Most of our clients, at our suggestion, have been avoiding upgrading to Windows Vista. Not because we think it’s awful (we don’t), but because we were waiting for the first big service pack to reduce the number of bugs they would have to deal with, and to give software vendors time to get their software Vista-compatible. Now that Service Pack 1 has been released, we will suggest that some of them start making the transition. Some, however, will be unable to upgrade to Vista until certain business-critical applications are upgraded for Vista compatibility.
If you run an application that hasn’t yet been certified Vista-compatible, you are facing a dilemna: any new or replacement computers you need will have to be purchased by June 30, 2008. After that date you will no longer be able to get computers with XP pre-installed (or even XP CDs in the box so you can downgrade it yourself).
Even some fairly broad-market software companies, like Intuit (makers of QuickBooks), only claim Vista compatibility for some of their products. If you’re replacing computers on a regular cycle (you are replacing them every 3-4 years, right?), you’ll want to plan your computer replacement timing with how long you expect it will take for your business-critical applications to become Vista compatible. For instance, if you expect an upgrade to your company’s CRM software in May 2009, but between now and then 10 computers are due for replacement, you can either postpone their replacement and purchase new computers running Vista after upgrading the CRM software, or replace them early (before June 2008) so you can get XP.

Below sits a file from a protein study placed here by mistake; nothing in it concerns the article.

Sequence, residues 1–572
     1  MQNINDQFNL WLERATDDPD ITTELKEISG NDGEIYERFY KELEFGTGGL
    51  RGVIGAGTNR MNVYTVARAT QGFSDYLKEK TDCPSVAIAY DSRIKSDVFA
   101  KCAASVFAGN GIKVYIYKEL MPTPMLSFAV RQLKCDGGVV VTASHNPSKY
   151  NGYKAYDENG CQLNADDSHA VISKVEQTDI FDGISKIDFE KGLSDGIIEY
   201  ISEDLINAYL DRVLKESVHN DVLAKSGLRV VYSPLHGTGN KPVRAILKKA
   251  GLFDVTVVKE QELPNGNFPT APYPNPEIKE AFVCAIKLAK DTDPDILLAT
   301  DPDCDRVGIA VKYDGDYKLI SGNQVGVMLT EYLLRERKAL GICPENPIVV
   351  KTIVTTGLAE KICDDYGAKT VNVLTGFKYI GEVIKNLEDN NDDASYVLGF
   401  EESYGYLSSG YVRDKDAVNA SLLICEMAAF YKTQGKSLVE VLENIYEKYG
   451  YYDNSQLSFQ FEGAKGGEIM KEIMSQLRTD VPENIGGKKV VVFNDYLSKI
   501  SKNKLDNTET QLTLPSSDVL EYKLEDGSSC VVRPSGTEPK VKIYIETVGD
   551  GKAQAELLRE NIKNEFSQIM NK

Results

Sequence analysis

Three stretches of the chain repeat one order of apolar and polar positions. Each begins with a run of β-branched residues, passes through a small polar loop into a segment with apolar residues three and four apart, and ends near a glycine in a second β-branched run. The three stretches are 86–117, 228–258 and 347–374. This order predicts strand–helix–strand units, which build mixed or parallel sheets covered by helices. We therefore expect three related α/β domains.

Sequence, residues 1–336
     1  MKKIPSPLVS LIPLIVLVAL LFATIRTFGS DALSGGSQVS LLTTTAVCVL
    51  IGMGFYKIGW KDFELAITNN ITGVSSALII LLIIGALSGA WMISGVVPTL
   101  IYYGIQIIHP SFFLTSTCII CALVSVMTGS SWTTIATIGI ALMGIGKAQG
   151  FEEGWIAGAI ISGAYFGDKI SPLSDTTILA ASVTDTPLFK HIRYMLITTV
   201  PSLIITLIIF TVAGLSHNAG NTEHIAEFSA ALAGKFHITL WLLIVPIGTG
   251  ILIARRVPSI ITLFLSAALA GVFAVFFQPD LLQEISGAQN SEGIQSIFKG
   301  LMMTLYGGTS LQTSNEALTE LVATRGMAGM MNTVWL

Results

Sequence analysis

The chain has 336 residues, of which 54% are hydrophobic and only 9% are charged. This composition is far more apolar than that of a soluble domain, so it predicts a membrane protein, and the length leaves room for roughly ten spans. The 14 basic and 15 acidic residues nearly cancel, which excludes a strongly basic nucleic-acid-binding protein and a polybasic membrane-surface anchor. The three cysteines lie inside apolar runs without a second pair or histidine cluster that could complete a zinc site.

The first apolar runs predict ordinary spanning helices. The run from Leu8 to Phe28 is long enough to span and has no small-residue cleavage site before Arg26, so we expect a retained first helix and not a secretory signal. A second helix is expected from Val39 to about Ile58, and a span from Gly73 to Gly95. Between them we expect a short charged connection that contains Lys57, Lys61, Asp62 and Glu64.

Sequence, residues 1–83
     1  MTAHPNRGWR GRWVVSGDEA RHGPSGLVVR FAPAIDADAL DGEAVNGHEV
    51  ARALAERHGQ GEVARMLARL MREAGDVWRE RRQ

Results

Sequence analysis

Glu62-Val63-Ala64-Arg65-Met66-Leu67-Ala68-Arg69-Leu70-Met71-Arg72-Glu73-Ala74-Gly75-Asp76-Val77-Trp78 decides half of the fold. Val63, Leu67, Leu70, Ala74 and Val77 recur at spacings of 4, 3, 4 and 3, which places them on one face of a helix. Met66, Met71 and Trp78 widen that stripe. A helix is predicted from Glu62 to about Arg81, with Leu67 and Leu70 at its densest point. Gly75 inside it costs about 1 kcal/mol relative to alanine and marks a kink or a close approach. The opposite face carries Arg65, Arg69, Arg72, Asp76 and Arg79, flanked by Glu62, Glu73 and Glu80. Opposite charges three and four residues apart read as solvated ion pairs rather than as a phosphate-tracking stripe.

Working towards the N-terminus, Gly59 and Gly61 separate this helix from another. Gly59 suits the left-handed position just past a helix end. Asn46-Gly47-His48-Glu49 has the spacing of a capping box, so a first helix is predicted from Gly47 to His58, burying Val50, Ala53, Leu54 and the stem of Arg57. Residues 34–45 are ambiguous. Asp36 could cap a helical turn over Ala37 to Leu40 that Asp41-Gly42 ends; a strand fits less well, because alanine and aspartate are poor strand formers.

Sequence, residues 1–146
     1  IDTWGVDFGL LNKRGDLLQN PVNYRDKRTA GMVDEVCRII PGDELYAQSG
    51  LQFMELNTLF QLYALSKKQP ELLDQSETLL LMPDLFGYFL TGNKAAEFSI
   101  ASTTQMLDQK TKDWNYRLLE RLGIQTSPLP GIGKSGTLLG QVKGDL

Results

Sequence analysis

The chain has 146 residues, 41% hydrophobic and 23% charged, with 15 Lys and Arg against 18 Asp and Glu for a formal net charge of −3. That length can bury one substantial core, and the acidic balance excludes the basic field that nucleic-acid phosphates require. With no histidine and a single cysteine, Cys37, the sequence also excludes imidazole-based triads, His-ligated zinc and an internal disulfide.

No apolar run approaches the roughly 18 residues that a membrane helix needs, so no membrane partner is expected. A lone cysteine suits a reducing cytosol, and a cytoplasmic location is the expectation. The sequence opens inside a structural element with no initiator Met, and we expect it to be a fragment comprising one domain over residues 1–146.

And, though it’s rarely possible to predict with any level of confidence, you may want to consider company growth too. Think you could add 3 employees in the second half of this year? You might want to go ahead and replace 3 existing computers early, and save them for potential new employees later in the year.
If you’re a Ripple client, talk to your PCIO (that’s me (email@example.com), or Brian Poust (firstname.lastname@example.org) or Steve Du (email@example.com)) about your options. Don’t let Vista’s drop dead date sneak up on you!
Update June 13, 2008: Microsoft has relented, a little. They are allowing OEMs to continue shipping computers with certain flavors of XP preinstalled. For Dell that means XP Home will no longer be an option, but there are Vista Business and Vista Ultimate BONUS options. The BONUS means XP Pro is preinstalled and a Vista license is included for a future upgrade (if you wish). If your business relies on software that isn’t Vista compatible, you can take down the metal umbrellas now, the sky isn’t falling after all.